Recently, Science Director for The Heartland Institute, Jay Lehr,Ph.D, was on Fox’s Your World with Neil Cavuto to discuss new regulations on hydraulic fracturing. Lehr was joined by The Accountability Project’s president Nomiki Konst. As you can see in the clip above, Lehr and Konst have very different views on the safety and reliability of fracking.
Last June, the Environmental Protection Agency (EPA) proposed its Clean Power Plan as a nationwide regulation to reduce carbon dioxide (CO2) emissions from electrical power plants. Comments to the EPA have now been submitted, and it’s not a surprise that a majority of state governments oppose the plan. In the best interests of US citizens, states should refuse to comply with the proposed EPA Clean Power Plan.
In this episode of the Budget & Tax News podcast, managing editor, Jesse Hathaway is joined by Heartland Institute policy advisor and Johnson & Wales University associate economics professor Adam C. Smith. Smith and Hathaway discuss Virginia’s recent legalization of sharing-economy transportation companies Lyft and Uber.
Most people instinctively understand when government shelters companies from competition it is ultimately the consumer who suffers from higher prices, lower quality, or both. Unfortunately, this bit of common sense hasn’t made much difference in the minds of those arguing Indiana should impose a moratorium on new nursing home facilities and beds.
For governments everywhere, taxes and regulations are like Lays Potato Chips – no one can eat just one.
In part, of course, because governments’ appetite for taking our money and controlling our lives is insatiable. It’s their nature.
And because government intervention just about always makes things worse.
A new report released by the White House shows Americans are overpaying for climate change reduction efforts, and considering scientific research shows average global temperatures have not risen significantly since 1998, maybe we should all get a refund.
Well, to be frank, I had never considered my contention that the public interest standard is unconstitutional to mean that the FCC itself is unlawful. To my mind, I simply had suggested that the lawfulness of actions taken pursuant to the public interest standard should be questioned.
The year 2014 was another year of futility in the fight against climate change. Climatists redoubled efforts to convince citizens that urgent action is needed to stop dangerous global warming. But the gap between public warnings and actual events produced an endless stream of climate irony.
Democrat State Representative Pam Snyder representing Pennsylvania’s 50th district is the author of House Bill 2354, called the Pennsylvania Greenhouse Gas Regulation Implementation Act, which was signed by into law by Gov. Tom Corbett on October 22, 2014. This important piece of legislation was developed in response to the Obama administration proposed a 30 percent cut in carbon dioxide (CO2) emissions below 2005 levels by 2030 from power plants.
A couple of months ago, effective in November, National Grid, one of Massachusetts’ two dominant utilities, announced rate increases of a “whopping” 37 percent over last year. Other utilities in the region are expected to follow suit.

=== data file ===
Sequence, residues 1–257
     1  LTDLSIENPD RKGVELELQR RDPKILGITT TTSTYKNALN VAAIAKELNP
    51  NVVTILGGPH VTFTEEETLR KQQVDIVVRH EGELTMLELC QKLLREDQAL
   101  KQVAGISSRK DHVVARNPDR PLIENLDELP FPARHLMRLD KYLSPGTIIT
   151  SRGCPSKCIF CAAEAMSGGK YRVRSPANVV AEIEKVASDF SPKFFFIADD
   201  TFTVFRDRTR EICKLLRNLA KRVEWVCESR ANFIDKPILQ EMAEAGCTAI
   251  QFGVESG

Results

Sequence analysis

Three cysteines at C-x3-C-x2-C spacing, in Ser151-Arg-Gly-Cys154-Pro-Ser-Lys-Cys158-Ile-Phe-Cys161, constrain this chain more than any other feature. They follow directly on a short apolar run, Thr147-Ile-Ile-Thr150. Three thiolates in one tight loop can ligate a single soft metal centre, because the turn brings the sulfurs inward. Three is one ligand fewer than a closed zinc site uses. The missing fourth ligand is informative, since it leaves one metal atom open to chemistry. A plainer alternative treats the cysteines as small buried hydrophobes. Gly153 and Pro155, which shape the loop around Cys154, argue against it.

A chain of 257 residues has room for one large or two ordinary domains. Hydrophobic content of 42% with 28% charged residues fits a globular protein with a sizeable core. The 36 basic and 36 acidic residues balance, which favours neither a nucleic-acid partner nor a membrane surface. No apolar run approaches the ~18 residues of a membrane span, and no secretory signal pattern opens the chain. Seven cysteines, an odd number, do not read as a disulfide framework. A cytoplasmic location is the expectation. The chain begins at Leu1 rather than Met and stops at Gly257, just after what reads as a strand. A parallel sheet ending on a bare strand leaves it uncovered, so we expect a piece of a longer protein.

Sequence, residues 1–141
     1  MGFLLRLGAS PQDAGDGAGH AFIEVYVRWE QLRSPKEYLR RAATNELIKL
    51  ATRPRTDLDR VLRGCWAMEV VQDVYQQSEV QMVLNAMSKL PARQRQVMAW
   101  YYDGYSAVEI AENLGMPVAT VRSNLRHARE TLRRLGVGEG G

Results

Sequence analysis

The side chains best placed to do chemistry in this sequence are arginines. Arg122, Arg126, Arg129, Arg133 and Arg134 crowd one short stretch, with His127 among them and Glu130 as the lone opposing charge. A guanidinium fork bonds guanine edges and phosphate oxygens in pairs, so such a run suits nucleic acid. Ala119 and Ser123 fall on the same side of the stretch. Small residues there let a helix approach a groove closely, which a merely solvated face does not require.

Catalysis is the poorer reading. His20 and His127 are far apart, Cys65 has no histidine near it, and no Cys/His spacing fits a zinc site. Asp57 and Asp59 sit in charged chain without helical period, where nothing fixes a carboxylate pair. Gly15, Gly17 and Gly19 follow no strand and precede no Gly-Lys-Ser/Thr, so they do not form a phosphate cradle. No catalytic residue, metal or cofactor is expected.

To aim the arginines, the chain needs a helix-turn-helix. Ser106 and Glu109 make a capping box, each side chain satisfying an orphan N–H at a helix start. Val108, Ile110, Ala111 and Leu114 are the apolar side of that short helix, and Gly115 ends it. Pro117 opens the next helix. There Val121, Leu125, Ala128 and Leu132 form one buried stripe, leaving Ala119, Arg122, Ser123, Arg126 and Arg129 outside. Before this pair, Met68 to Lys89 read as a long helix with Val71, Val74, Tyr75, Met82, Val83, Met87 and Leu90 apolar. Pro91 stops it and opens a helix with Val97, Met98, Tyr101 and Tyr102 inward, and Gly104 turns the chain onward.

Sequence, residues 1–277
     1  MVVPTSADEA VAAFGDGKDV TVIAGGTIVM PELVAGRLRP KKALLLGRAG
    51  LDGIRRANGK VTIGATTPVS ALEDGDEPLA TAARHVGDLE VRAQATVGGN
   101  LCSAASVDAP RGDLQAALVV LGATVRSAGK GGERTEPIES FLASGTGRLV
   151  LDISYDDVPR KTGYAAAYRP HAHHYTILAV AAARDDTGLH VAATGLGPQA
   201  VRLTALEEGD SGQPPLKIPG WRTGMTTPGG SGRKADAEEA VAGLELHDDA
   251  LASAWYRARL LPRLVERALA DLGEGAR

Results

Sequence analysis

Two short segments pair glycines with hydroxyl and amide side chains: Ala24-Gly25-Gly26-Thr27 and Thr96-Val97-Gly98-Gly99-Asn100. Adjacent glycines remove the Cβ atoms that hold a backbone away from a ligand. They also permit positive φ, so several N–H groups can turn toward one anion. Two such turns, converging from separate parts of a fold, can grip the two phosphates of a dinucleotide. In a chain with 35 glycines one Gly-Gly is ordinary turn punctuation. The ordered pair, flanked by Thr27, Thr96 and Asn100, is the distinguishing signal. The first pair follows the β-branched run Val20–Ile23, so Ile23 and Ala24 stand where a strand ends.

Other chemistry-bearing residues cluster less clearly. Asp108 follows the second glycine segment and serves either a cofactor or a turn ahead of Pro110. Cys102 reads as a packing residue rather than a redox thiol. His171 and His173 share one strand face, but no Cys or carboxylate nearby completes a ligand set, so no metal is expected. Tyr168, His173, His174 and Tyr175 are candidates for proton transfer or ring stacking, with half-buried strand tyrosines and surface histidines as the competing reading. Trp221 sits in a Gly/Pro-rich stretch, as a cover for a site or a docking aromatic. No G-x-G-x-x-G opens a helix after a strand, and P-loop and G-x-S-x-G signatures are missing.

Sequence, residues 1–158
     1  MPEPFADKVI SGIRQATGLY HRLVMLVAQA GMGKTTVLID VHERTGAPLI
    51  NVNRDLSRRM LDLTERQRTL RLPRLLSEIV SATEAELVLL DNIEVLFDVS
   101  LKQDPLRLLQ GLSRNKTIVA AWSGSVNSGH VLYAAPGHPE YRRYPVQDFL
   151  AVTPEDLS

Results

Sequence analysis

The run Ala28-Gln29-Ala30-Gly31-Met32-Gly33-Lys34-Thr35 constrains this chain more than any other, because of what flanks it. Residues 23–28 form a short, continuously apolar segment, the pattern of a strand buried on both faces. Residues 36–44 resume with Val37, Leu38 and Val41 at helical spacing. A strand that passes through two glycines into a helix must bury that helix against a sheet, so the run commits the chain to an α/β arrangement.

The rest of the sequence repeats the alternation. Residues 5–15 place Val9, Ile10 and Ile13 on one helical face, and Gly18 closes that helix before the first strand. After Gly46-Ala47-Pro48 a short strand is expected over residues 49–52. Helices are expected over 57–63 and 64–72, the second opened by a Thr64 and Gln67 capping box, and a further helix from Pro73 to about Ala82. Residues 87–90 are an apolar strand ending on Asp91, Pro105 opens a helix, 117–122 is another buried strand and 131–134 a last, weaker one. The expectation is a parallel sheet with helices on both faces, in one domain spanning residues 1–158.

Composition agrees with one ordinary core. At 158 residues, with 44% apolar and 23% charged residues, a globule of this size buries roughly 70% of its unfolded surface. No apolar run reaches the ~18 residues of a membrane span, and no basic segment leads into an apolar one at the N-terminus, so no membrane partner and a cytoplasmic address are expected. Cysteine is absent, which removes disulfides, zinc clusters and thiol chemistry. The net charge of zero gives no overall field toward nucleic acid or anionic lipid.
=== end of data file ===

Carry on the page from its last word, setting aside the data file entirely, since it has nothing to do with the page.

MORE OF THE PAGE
Our politicians have placed any number of barriers in the way of prosperity, and one of the most costly has been the Dodd-Frank financial reforms (DF). Congress passed this 2,300-page law in 2010. It has since spawned a massive new regulatory environment with an impact reaching far beyond the nation’s $1.1 trillion financial services industry.
President Obama is trying, according to CNN, to “convince voters of a vigorous recovery that a majority still doubts.” Describing comments the president made on October 2 at Northwestern University’s Kellogg School of Management in Chicago, CNN calls his attempt, the “political problem inherent in having to describe an economic recovery that many Americans still aren’t feeling.”
Suppose that there was a button in front of you that if you pushed it would, in one instant, abolish all the governmental controls and regulations on the U.S. economy. Would you push that button, and transform America into a society of free men associating with each other on the basis of voluntary exchange, with government limited to protection of life, liberty and honestly acquired property?
For those concerned about the U. S. government going in debt $1.5 billion every day, rejoice. Here is a chief example–EPA Administrator Gina McCarthy will be in Atlanta October 26 to address the National Congress of American Indians. (The News Announcement follows this article.) No doubt she will be giving out large amounts of ‘wampum’ to keep tribal support for EPA regulations that inhibit economic growth of the United States.
Currently the FCC is considering reversing the legal status of American Internet services from lightly-regulated information services to utility-regulated “telecommunications” services in response to a 2014 appeals court decision that limited a portion of the FCC’s net neutrality regulatory authority.
It’s been a rough year for the Common Core standards. As parents, teachers, officials, and politicians learn more about the standards, more and more states are considering ways to get out of Common Core. The standards in math and reading were allegedly designed to make students career- and college-ready. Now that the public is able to see them, the standards have proven not to be what was promised. People are fighting back.
Rep. Henry Waxman, Ranking Member of the House Energy and Commerce Committee,wrote the FCC to propose that the FCC, in its pending Open Internet order remand, “reclassif[y] broadband providers as telecommunications services and then using the modern [Title I] authority of section 706 to set bright-line rules to prevent blocking, throttling, and paid prioritization.”